Including race in clinical algorithms can both reduce and increase health inequities – it depends on what doctors use them for

Health practitioners are increasingly concerned that because race is a social construct, and the biological mechanisms of how race affects clinical outcomes are often unknown, including race in predictive algorithms for clinical decision-making may worsen inequities.

For example, to calculate an estimate of kidney function called the estimated glomerular filtration rate, or eGFR, health care providers use an algorithm based on age, biological sex, race (Black or non-Black) and serum creatinine, a waste product the kidneys release into the blood. A higher eGFR value means better kidney health. These eGFR predictions are used to allocate kidney transplants in the U.S.

Based on this algorithm, which was trained on actual GFR values from patients, a Black patient would be assigned a higher eGFR than a non-Black patient of the same age, sex and serum creatinine level. This implies that some Black patients would be considered to have healthier kidneys than otherwise similar non-Black patients and less likely to be assigned a kidney transplant.

Biased clinical algorithms can lead to inaccurate diagnoses and delayed treatment.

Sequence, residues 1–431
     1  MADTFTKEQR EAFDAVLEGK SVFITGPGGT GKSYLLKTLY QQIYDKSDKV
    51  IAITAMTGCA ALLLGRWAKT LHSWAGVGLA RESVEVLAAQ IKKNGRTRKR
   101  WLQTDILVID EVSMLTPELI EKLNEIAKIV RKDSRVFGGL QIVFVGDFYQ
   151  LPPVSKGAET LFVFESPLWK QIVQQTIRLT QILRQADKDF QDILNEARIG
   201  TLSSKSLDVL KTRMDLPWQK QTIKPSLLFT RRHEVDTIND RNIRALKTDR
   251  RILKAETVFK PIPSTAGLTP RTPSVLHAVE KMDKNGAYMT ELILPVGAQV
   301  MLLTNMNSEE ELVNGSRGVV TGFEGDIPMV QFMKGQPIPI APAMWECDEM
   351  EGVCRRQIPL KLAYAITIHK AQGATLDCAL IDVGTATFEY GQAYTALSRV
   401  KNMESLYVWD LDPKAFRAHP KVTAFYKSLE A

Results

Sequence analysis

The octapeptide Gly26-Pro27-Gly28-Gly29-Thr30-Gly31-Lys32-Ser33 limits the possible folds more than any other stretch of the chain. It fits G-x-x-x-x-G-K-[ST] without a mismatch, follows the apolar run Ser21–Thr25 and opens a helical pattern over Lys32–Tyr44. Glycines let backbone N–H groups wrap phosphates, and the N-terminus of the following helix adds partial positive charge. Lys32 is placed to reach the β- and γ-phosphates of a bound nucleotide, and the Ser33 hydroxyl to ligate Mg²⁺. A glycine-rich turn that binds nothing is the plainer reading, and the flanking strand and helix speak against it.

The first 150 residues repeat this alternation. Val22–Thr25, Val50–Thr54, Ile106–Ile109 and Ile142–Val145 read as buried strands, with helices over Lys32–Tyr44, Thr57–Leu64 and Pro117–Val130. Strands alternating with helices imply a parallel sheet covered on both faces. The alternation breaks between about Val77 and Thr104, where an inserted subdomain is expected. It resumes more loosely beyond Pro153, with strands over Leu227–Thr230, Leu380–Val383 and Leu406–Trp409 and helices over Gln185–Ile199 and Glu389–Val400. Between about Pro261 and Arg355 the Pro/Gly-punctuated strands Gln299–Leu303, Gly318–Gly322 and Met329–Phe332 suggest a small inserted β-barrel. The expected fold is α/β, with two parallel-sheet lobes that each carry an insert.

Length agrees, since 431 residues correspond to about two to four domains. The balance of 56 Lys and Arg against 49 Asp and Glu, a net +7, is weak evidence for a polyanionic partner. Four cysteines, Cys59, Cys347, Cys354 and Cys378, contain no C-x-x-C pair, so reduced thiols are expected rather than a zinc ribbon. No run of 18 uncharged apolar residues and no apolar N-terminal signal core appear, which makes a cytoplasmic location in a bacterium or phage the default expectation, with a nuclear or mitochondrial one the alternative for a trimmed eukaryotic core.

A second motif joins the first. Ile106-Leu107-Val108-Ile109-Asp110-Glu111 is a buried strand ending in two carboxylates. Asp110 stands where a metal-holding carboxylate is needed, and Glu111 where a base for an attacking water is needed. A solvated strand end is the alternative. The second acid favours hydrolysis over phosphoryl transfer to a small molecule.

In 2021, however, researchers found that excluding race in the original eGFR equations could lead to larger discrepancies between estimated and actual GFR values for both Black and non-Black patients. They also found adding an additional biomarker called cystatin C can improve predictions. However, even with this biomarker, excluding race from the algorithm still led to elevated discrepanies across races.

I am a health economist and statistician who studies how unobserved factors in data can result in biases that lead to inefficiencies, inequities and disparities in health care. My recently published research suggests that excluding race from certain diagnostic algorithms could worsen health inequities.

Different approaches to fairness

Researchers use different economic frameworks to understand how society allocates resources. Two key frameworks are utilitarianism and equality of opportunity.

A purely utilitarian outlook seeks to identify what features would get the most out of a positive outcome or reduce the harm from a negative one, ignoring who possesses those features. This approach allocates resources to those with the most opportunities to generate positive outcomes or mitigate negative ones.

A utilitarian approach would always include race and ethnicity to improve the prediction power and accuracy of algorithms, regardless of whether it’s fair. For example, utilitarian policies would aim to maximize overall survival among people seeking organ transplants. They would allocate organs to those who would survive the longest from transplantation, even if those who may not survive the longest due to circumstances outside their control and need the organs most would die sooner without the transplant.

Although utilitarian approaches do not…

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